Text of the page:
Nerds with Words

Chika Winston and Alexa Empleo

According to a study conducted by the U.S. Department of Education and the National Institute of Literacy, 32 million American adults can’t read or are illiterate. That’s 14 percent of the total U.S. population. 21 percent of adults in the U.S. read below a 5th-grade level, and 19 percent of high school graduates can’t read. From this data, we can conclude that illiteracy is a rampant problem that has been present in not only developing countries but as well as first world ones.
On March 25, 2004, Sigma Delta Tau, an international English program for universities and colleges, launched a new program for high school students that allowed them to share the same goals as college-level English majors: National English Honors Society. National English Honors Society is the only organization exclusively for high school students that note English for special merit and past accomplishments. And just a few weeks ago, it was brought onto the West Ranch campus.
The club is run by four officers: President Olivia Go, Vice President Mia Salin, Secretary Ashley Pagsibian and Treasurer Nicole Augusta. This club’s main goal is to spread English throughout West Ranch campus and other campuses.
Throughout the year, the club has projects so that students can get even more involved in the club. The projects involve helping schools and English programs that don’t have the funds to keep their program going. One of the projects ongoing right now is donating school supplies to low budget schools, and doing so will fulfill the member’s three out of the four project requirements.
Olivia Go and Nicole Augusta sat down with the Paw Print to talk a little about NEHS and what the club is really about.

Olivia Go

Q: Who founded the club?
A: “Some professor in Boston, but I founded it here in West Ranch. I really wanted to start this club like a really long time, but I just appointed officers last year, and I’m really happy with my choices.”

Q: Why did you start this club?
A: “I started this club because I just thought West Ranch could use more English, I just thought that there’s so much you could do with an English club and people would want to join because it’s like nationally recognized, and so I thought there was a lot of good things I could do with like service and just promoting writing and just the subject and stuff.”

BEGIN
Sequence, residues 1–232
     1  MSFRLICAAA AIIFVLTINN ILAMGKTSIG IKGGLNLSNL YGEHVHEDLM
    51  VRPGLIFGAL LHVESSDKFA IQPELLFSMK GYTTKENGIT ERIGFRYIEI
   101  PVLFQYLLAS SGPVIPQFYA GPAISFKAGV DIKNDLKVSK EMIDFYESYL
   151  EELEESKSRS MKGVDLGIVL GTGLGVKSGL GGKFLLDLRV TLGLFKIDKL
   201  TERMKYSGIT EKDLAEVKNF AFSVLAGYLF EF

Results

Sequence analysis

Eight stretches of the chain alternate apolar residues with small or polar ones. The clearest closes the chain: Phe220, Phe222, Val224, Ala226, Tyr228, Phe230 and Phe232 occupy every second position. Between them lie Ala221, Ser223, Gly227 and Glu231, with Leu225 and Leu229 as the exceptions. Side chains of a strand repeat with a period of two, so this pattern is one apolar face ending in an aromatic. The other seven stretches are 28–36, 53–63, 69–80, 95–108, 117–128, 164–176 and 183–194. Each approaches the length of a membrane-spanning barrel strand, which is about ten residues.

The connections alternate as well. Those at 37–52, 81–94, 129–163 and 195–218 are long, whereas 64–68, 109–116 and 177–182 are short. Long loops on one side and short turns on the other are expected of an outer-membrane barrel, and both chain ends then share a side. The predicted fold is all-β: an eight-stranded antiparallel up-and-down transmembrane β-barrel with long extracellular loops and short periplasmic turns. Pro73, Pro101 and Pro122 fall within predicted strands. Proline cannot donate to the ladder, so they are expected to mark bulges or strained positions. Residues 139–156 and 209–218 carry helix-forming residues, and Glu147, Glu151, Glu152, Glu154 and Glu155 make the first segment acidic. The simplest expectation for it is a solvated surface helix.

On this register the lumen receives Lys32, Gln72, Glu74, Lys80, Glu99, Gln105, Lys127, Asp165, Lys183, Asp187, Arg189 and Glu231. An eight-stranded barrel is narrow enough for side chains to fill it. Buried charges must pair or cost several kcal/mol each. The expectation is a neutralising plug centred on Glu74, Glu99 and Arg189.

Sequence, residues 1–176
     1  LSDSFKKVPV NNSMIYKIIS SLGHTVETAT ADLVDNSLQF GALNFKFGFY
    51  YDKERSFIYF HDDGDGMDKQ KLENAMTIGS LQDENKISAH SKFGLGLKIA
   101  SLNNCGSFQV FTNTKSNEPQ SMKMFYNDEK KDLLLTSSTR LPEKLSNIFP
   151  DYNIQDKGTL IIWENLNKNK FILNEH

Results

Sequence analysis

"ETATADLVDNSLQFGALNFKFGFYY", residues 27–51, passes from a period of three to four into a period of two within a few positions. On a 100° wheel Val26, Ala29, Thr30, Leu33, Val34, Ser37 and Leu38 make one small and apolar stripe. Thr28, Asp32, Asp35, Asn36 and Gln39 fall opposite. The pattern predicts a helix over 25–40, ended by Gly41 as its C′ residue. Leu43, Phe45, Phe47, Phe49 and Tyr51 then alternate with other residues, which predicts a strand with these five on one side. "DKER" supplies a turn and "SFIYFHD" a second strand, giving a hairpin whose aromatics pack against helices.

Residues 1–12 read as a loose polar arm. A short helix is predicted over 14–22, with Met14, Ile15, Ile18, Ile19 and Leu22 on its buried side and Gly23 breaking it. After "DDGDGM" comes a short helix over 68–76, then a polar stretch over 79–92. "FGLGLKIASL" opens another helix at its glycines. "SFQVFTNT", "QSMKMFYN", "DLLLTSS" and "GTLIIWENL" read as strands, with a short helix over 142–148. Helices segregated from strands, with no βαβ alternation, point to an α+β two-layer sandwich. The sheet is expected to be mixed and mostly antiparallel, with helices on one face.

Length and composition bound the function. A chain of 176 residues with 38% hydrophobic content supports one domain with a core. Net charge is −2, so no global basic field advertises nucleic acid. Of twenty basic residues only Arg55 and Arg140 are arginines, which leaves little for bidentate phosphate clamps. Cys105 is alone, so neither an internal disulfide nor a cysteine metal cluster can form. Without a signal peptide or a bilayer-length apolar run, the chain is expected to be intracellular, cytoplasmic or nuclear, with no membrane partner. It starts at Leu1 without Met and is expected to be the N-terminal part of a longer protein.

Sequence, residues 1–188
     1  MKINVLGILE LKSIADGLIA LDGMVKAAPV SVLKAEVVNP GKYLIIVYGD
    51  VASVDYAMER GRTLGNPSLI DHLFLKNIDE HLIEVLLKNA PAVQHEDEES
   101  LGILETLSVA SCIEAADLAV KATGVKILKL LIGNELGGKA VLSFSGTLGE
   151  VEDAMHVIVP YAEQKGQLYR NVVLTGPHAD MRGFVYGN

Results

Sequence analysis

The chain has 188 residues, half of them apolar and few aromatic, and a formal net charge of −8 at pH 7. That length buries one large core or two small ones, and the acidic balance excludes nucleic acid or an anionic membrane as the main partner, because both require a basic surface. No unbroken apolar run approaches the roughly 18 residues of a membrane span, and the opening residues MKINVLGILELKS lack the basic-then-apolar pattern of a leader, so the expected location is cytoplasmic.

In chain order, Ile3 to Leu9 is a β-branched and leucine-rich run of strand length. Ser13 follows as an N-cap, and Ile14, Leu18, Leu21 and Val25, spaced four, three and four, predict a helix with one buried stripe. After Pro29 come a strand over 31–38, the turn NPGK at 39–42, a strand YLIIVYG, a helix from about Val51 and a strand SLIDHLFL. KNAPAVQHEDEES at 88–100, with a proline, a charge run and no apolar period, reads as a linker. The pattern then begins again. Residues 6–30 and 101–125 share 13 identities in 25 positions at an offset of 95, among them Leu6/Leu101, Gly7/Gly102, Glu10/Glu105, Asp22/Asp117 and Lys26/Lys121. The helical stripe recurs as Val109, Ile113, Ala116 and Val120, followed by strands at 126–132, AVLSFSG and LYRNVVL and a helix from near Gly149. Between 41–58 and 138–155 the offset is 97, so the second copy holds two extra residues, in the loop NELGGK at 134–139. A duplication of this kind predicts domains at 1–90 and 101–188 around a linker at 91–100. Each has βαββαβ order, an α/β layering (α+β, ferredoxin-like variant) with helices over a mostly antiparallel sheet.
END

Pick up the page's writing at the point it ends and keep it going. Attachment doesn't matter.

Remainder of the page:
Q: What does literacy mean to you?
A: “Just having people lead more and enjoying English because I know a lot of people who just hate writing and hate reading and like hate English in general.”

Q: So what are your goals for this club?
A: “My goals are to hopefully have this club to be here after I graduate and I want it to continue on and we have an officer who’s my grade below so hopefully it’ll continue on and I just want people to just like have a good time and feel good about themselves.”

Q: What do you hope to accomplish with the projects that you do?
A: “Hopefully just make the world a better place and I just want to help my community and inspire people to do the right thing.”

Nicole Augusta

Q: What is the purpose of NEHS?
A: “It is really just to spread literacy throughout the West Ranch campus and to help spread literacy throughout other campuses.”

Q: What is your vision for NEHS?
A: “My vision for NEHS is to get a lot of West Ranch students involved in it because it’s a really beneficial club for everyone as well. The more people that we get involved through West Ranch, the more we can help other schools and increase literacy.”

Q: What activities do you guys have planned so far?
A: “So our first service event is coming up and it is a school supplies drive for less fortunate schools and we’ll be putting out more information about that later. And later in the year, we are having a sock drive next semester we will be having a book drive for a school in Uganda.”

Q: How will you execute these activities?
A: “We will mainly be executing them through student participation, there’s a lot of student donation drives and then we, along with any members that are interested will be personally delivering these items, or in the case of Uganda, we will personally be shipping them and see to it they get there.”

Q: Why do you think spreading literacy is so important?
A: “Spreading literacy is so important because everyone uses it in his or her daily lives and it really enriches the lives of everybody and especially now when the media is becoming more prevalent. It is really important for everyone to have that background in English and everything.”

Q: Do you think a lot of people take literacy for granted?
A: “I think they really do because when people think of you know, National English Honors Society they’re like: “Oh are we writing essays or are we gonna be reading books?” we don’t write essays by the way, but English, it’s that but it’s also your everyday life. You talk to your friends every day, you watch movies, you read posts online – it’s all of that.”

Even though the National English Honors Society is no longer accepting applicants, students must promote their ideologies and help advocate for literacy as most of us these days take such a privilege for granted.

The 4 officers, (left to right) Secretary Ashley Pagsibian, President Olivia Go, Vice President Mia Salin, and Treasurer Nicole Augusta (image via @wrnehs on instagram)